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FX Outlook for Week ending 20 Feb 16/02/2009

Posted by chrisdshaw in FX.

With little in the way of data and the Presidents Day holiday in the US the FX market was extremely quiet today, with poor liquidity from late afternoon UK time. Of note, the JPY was up slightly against the USD and the crosses as disasterous Japanese GDP figures released overnight led to increased risk aversion. 

As variation in the level of risk appetite is the main driver in the FX markets, with the USD and JPY performing in periods of uncertainty and the GBP and commodity currencies- particularly the AUD- performing in periods of renewed confidence, the future direction of and attitude towards the world’s two biggest economies is of interest.

With the JPY seriously hurting from a collapse in world trade and overvalued JPY, shrinking about twice the rate of the US or UK, something has got to give. The economy, while briefly recovering earlier in the decade under Prime Minister Koizumi never achieved levels of growth or prosperity enjoyed by the other G7 economies. And yet it finds itself at the bottom of the heap. The Bank of Japan and Ministry of Finance do not generate confidence in their ability to turn the Japanese economy around, given their performance of the last two decades. Indeed, the BoJ’s head researcher Kazuo Momma is reported as saying that we should be prepared for a Q1 in 2009 worse than the last quarter, which posted an (annualised) decline of 12.7%. There must surely come a point at which the yen loses its safe haven status. given the macroeconomic picture. USDJPY has worked itself into a terminal wedge, which precipitates a large breakout. With an unwinding of the carry trade largely out of the way, the JPY is looking weak against the USD which has also benefitted from its safe haven status and looks set to continue this role. The potential is for a serious breakout to the upside, as early as this week.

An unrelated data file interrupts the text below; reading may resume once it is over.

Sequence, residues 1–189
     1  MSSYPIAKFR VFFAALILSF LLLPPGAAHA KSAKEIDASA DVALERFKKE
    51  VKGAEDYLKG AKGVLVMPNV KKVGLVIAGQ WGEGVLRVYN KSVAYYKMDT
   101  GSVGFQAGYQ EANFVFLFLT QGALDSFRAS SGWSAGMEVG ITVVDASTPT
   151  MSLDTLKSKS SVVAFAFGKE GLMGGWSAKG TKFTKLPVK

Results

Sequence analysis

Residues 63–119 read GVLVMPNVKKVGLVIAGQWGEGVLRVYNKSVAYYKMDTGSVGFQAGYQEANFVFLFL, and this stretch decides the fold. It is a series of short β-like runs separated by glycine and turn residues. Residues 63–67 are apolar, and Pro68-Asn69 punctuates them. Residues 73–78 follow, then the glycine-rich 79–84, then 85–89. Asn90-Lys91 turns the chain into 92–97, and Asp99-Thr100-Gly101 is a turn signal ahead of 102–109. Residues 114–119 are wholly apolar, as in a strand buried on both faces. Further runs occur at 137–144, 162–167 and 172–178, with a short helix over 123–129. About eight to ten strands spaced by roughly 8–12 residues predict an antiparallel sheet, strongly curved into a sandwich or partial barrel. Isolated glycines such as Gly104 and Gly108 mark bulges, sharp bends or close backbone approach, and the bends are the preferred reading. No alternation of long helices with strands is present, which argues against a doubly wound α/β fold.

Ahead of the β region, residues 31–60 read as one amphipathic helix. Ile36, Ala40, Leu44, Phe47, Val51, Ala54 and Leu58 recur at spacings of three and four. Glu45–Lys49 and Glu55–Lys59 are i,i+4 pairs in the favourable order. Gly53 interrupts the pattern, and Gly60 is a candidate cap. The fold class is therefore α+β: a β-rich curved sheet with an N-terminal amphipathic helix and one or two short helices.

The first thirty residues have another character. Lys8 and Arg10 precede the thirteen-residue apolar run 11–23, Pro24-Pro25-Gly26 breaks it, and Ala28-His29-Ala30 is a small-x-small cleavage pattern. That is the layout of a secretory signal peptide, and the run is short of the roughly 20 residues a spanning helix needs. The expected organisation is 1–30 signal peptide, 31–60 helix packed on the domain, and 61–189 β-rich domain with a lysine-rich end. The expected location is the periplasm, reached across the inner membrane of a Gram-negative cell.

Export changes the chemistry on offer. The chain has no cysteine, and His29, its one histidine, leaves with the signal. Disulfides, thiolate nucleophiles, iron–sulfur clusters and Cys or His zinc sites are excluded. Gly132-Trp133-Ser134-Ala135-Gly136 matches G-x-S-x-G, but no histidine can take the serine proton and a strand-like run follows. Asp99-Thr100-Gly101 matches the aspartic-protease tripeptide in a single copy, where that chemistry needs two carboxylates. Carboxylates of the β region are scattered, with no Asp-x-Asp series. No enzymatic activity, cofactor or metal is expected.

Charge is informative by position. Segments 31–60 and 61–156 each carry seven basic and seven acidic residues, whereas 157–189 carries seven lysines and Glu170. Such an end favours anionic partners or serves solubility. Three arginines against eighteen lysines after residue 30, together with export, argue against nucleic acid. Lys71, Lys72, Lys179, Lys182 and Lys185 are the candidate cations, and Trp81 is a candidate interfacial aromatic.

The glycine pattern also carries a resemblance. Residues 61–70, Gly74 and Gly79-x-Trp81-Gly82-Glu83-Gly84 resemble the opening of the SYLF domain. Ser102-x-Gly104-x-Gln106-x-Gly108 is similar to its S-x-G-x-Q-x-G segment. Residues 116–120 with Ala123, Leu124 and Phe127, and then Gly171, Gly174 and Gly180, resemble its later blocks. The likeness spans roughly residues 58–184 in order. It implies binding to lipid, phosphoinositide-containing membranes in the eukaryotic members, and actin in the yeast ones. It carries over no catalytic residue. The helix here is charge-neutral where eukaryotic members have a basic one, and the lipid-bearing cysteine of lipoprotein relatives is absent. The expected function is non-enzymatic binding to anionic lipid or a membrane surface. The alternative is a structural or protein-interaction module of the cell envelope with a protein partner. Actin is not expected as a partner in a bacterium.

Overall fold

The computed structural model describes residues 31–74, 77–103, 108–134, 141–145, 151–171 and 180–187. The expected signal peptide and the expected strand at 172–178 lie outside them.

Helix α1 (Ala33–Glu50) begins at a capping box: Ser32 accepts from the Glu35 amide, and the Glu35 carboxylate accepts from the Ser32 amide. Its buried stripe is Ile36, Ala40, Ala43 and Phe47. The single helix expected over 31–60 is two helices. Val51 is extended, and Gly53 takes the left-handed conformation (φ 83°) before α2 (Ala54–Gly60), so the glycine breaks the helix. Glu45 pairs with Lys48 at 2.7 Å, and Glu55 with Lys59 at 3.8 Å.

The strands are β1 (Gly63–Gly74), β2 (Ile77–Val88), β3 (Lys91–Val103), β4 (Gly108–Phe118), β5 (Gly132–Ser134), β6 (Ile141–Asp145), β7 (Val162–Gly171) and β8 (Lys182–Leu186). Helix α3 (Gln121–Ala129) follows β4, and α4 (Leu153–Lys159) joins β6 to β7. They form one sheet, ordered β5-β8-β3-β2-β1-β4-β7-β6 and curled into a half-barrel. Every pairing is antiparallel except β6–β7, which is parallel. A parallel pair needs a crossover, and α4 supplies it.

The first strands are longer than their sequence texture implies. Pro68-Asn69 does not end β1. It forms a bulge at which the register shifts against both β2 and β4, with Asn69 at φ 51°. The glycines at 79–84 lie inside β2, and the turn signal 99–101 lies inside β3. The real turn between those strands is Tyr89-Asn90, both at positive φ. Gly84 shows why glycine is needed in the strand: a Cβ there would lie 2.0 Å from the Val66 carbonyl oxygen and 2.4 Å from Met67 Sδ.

EURUSD is also forming a terminal wedge and so a large breakout is also possible. Again, the USD looks like being the victor as there seems to be little to support the single currency. Dismal GDP figures at the end of last week- with Germany posting a bigger decline in Q4 than either the debt ridden US or UK- as well as worries about inaction by the ECB and the deteriorating creditworthiness of some of the weaker members of the eurozone paint a gloomy picture for the region. In Ireland Credit Default Swaps on 5 year government debt, rated AAA by Fitch, jumped 49 bps to 377 on 13 February. That is 18 basis points more than the cost to protect the debt of Costa Rica, a BB rated nation by Fitch, or 11 grades lower than AAA. If that wasn’t enough, as report on my “Systemic Collapse” posting, Western European banks are faced with a potential default of $400bn on loans from Eastern Europe. All in all the USD should, again, win this battle. If EURUSD breaks the strong support of 1.2700, perhaps as early as tomorrow, we could see the pair target 1.20.

The outlook for GBP is, as per usual in this climate, volatile. CPI figures out tomorrow, Bank of England minutes, and Retail Sales figures all have the potential to create large movements, particularly against the USD. However, in keeping with my bullish view on the greenback, the bias should be to the downside in Cable, particular as risk appetite is subdued in this uncertain time. Confidence remains low among investors, as witnessed by a sub 8000 Dow Jones last week and a strong rally in gold. The UK currency is also closely correlated to bank stocks, which are experiencing a new wave of selling pressure following the profit warning given by Lloyds and the possible requirement of the government to inject a further GBP 10bn into the troubled bank. Added to the the insouciant attitude expressed by the government and Bank of England in recent days and the bias is strongly toward the negative. However, if EURUSD breaks below 1.2700 I would expect EURGBP to also weaken.


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